To load the revolver, you'll place a round into each hole in the cylinder, or use a speed loader or moon clip. The rear sights are mounted on the frame, and the front sight is on the barrel. Some revolvers used for hunting and competition use scopes, mounted via scope rings to the scope ring cuts on the frame. Revolvers have typically come in revolver-specific calibers of ammunition, including .38, .357 Magnum, .44 Magnum and .45 Long Colt. However with the dawn of moon clips many calibers of semi-automatic rimmed ammunition, like 9mm and .45 ACP, have found its way into modern revolvers.
In my experience the revolver has the following advantages:
- Revolvers have lots of options. They could be small and concealable like the LCR or big enough to hunt with, like the Ruger Redhawk in the first photo.
- Revolvers will always shoot -in some scenarios the semi-automatic pistol could get caught up and not load the next round, but this won't happen with a revolver. Think about shooting through a purse if you were in a desperate situation.
Disadvantages of the revolver could include:
- Heavy trigger pull. It isn't unusual for double action revolver triggers to need 10 or more pounds of force to pull the trigger.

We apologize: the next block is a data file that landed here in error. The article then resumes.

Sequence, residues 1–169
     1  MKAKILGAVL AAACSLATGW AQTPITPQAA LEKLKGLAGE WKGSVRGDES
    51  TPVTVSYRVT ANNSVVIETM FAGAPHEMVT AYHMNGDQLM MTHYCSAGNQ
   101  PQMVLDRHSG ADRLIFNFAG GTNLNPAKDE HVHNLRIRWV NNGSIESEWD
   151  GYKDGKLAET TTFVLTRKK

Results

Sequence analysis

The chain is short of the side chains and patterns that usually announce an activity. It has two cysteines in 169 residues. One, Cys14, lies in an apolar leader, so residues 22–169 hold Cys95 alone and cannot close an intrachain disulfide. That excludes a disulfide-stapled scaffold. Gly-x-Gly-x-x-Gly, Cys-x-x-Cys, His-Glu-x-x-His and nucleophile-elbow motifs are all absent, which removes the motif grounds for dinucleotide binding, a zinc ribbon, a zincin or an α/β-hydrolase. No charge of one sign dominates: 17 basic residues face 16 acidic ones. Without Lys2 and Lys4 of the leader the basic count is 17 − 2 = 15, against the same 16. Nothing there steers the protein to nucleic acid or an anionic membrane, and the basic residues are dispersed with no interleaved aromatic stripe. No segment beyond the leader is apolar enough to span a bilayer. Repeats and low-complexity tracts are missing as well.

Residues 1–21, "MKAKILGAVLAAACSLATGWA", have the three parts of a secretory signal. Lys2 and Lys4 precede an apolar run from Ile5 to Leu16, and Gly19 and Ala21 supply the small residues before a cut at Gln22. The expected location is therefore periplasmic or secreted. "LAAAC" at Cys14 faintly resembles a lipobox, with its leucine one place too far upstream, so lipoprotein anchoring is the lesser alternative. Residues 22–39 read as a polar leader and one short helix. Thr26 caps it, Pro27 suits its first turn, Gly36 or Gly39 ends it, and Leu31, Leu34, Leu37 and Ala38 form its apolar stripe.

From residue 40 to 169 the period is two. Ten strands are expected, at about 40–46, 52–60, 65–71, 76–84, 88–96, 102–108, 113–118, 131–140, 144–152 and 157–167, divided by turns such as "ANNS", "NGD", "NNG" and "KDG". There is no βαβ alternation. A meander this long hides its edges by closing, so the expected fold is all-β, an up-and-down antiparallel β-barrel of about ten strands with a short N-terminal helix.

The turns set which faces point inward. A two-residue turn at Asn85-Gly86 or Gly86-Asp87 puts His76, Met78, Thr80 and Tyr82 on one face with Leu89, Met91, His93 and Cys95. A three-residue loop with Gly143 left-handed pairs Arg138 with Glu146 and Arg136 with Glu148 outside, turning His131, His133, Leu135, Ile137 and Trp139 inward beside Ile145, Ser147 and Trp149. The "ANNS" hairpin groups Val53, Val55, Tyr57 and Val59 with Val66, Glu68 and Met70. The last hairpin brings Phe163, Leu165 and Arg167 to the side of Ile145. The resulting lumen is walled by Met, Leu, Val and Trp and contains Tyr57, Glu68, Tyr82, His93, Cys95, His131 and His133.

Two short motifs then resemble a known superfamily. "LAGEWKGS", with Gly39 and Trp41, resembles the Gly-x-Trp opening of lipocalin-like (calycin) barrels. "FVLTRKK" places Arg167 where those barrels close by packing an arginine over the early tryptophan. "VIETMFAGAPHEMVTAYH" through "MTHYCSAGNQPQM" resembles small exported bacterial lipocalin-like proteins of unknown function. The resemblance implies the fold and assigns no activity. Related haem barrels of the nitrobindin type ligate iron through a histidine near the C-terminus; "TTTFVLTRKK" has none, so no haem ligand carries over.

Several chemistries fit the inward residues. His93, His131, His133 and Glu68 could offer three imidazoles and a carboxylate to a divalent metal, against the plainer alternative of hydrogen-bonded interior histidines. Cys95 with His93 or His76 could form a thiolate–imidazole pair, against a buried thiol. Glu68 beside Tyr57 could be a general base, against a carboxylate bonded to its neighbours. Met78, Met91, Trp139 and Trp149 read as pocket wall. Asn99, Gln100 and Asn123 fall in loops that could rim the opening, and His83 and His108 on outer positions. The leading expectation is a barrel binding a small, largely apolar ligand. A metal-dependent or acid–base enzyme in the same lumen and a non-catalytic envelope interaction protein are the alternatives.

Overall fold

- Often due to the fact the revolvers are traditionally made of polished steel, they cost more than many models of semi-automatic pistols.
If a handgun seems like the right option for you, start doing research on what models are out there and what the benefits and disadvantages are. Like many things in life, there are tradeoffs. If something is concealable, it might be less pleasant to shoot due to "snappy" recoil. If the gun looks and feels amazing, it might cost you some hard-earned coin. You'll want to look for something that works well for your specific needs.
For example, if you want to conceal-carry a handgun, check out forums that review options and think through your specific setup to see if the gun fits you in terms of size, weight, holster availability, ammo availability, reliability, etc. Another really good move is to try out different handguns. Because we humans have lots of genetic variation, not all guns will fit each individual equally well. Since most handguns will start at $200-$300 shelf price on the lowest end, it's worth feeling it in your hand, dry firing the trigger, and (if possible) shooting it on the range. Some good places to do this "try before you buy" is a training course, gun stores, and a range day with a trusted friend who is willing to safely guide you as you try out some of the guns they have.
Another consideration is the caliber of handgun. Lots of sources out there recommend a "small" gun for beginners, and while I can see the benefit it might not be a wise move. If your budget is tight, and you can only buy one gun for the foreseeable future, a .22LR that is great for target shooting is not going to cut it for self-defense (I plan to write more about this, but in short: I've had enough ammo fail to fire in a smallbore match that I cannot recommend anyone stake the defense of their life on rimfire ammunition). I promise to write more about this later.
If you have any questions about anything I've written, feel free to contact me. Stay tuned for some info next week on rifles.